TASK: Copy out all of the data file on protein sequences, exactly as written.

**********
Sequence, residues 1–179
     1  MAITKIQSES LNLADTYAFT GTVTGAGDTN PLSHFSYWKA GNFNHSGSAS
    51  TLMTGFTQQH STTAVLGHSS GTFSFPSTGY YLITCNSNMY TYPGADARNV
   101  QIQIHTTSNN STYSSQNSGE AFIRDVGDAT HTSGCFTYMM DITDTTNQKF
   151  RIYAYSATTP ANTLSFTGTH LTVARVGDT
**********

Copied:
Sequence, residues 1–179
     1  MAITKIQSES LNLADTYAFT GTVTGAGDTN PLSHFSYWKA GNFNHSGSAS
    51  TLMTGFTQQH STTAVLGHSS GTFSFPSTGY YLITCNSNMY TYPGADARNV
   101  QIQIHTTSNN STYSSQNSGE AFIRDVGDAT HTSGCFTYMM DITDTTNQKF
   151  RIYAYSATTP ANTLSFTGTH LTVARVGDT